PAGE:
Does the City Live to Work or Work to Live?

EightyTwenty is a fortnightly roundtable event that Partisan hosts, where we invite business leaders connected with the built environment to join us for breakfast to discuss the issues that are close to them.

This week, conversations developed around what would be required to make the city a more liveable space, and how the work-life balance applies to the built environment.

Untapped and Working Assets

Canals were central to the development of industrialised Manchester, transporting raw materials and coal into the city and finished goods out of it.

Now, however, they are simply part of the city’s urban heritage and, as such, an untapped asset.

Manchester’s waterways are now focused on leisure and recreation, but could they once again become a more vital, working asset? If so, working for whom?

Are they a victim of a kind of inverted work-life balance, where lifestyle has eclipsed their wider potential?

Activating Spaces in the Public Realm

Psychogeography dates back to 1955, invented by Guy Debord and the French Situationist International movement.

It advocates non-purposeful walking in the city, a form of drift, which allows the individual to uncover hidden aspects of it.

This sense of activating otherwise ignored or hidden routes and locations could be applicable to modern urban planning. It is a question of thinking differently about the public realm.

It also connects with wellbeing, because the more the city can offer variety to its residents and users, rather than treating them as compartmentalised commuters, the more they feel connected to it culturally.

What about the practical use of green space to break up the monotony of buildings and to soften the urban experience and even humanise it?

Greener aspects of the urban environment are often marginalised, when they should play a pivotal role in restoring a sense of balance to the spaces people pass through and occupy.

Living to Work or Working to Live?

Research suggests that over 70% of us in the UK work to simply get by, waking up to head to the office just to pay the bills.

Can the urban built environment rebalance people’s approach to work and to living?

While there is plenty of accommodation in Manchester city centre, how much of it is designed to suit families?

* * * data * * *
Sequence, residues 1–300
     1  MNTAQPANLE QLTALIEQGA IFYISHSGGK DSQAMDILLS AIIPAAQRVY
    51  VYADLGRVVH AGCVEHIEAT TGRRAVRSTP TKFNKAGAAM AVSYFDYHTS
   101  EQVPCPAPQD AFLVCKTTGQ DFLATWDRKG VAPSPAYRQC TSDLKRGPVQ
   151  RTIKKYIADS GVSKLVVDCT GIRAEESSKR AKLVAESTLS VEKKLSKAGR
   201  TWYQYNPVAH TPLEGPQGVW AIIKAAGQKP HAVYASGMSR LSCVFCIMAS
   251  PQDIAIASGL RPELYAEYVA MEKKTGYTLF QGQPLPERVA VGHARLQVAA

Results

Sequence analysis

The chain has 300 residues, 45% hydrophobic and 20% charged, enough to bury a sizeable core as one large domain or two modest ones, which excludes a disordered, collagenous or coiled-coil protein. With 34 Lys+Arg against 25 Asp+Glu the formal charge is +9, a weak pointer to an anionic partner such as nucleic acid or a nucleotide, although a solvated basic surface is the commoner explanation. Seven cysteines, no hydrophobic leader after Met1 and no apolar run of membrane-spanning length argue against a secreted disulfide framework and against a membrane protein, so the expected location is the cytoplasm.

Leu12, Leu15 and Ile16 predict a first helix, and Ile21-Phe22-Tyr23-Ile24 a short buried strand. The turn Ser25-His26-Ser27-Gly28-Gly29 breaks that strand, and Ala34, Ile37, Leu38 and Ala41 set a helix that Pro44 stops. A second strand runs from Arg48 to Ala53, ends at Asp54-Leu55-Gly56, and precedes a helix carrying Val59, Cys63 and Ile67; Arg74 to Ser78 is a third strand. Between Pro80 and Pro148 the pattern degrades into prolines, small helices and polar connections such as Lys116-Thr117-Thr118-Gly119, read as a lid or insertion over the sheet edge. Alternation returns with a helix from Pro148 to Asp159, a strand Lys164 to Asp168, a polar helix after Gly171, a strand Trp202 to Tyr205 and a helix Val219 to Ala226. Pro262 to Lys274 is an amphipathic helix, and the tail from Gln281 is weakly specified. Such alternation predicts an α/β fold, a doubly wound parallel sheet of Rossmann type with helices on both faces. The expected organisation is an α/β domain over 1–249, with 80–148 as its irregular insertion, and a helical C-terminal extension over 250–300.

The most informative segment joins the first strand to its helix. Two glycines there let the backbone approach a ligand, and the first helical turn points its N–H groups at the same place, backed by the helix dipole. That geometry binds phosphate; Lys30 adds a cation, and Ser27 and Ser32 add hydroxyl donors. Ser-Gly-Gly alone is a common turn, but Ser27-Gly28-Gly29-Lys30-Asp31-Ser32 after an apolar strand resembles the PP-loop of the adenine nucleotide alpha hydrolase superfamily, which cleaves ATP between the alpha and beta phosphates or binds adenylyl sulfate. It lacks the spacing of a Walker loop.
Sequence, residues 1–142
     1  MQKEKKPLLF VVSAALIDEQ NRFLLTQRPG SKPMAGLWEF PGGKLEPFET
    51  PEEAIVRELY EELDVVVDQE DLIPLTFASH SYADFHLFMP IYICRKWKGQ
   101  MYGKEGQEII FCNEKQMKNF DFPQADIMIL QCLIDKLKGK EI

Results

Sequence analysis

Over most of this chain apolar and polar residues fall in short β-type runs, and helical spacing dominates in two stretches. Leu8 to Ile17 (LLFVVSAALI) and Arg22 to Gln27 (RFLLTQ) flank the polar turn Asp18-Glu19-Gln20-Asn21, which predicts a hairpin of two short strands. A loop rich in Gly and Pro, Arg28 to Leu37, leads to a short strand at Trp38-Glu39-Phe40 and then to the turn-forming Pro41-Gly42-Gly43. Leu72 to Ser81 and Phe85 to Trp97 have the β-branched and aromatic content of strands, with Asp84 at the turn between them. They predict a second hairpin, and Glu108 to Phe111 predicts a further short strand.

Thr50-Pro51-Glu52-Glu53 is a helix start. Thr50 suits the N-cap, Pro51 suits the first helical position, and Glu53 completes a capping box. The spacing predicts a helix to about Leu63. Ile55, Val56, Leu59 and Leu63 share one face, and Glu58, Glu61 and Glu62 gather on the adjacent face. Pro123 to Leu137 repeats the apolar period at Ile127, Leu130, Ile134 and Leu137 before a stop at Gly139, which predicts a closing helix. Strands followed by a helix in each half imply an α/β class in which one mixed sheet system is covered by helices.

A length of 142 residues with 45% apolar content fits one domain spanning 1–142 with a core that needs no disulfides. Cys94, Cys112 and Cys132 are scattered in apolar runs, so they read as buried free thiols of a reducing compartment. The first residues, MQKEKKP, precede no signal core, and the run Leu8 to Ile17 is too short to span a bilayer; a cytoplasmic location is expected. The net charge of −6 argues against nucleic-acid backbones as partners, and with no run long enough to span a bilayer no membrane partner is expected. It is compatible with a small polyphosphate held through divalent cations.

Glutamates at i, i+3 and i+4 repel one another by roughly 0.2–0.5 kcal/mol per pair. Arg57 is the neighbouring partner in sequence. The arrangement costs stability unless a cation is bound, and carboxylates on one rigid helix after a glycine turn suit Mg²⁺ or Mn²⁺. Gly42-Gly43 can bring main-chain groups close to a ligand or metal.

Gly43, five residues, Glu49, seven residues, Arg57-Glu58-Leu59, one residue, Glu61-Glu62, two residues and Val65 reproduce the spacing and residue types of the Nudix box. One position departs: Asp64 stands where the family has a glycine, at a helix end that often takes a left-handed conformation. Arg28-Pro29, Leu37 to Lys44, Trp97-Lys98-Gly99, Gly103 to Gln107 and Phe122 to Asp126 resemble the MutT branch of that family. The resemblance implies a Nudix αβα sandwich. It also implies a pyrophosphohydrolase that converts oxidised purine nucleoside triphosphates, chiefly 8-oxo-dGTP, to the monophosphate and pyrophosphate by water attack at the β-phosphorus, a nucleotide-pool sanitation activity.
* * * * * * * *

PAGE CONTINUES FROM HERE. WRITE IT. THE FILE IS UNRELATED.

Then there is the question of what should come first, the infrastructure or the amenities, which can then help redefine and broaden the culture of city living?

Residential and commercial builds need to be more interconnected. Ground floor units might be a catalyst for cultural renewal if they attract occupiers who will become informal community hubs.

This could be anything from cafes to launderettes. What matters is that they become shared spaces.

There are other essentials to consider, of course, such as schools, healthcare providers, along with accessible infrastructure for various transport modes and pedestrians.

Playing the Long Game

Regeneration is not a quick fix. It is about setting in motion a process of evolution, over 20 years or so. This requires a high degree of ground-level activity, so that it is not overly dependent on top-down, political leadership.

The reason being, that leadership changes, and this can lead to the disruption or abandonment of projects.

Changing how people use the urban environment, so that they maximise its living as well as working potential, requires a collective effort on the part of people with an interest in improving it.

Our Guests This Time

Our guests for the morning included:

Ian Chapman, Fairhurst Design Group
Gareth Davies, Vectos
Andrew Toolan, MIDAS
John McHugh, CBRE
Jonathan Miley, Exterior Architecture
Gavin Watts, define
Sophie Weinmann, Ashdown Phillips

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Eighty Twenty is a once a month invite only event for business leaders within the built environment - hosted by Partisan

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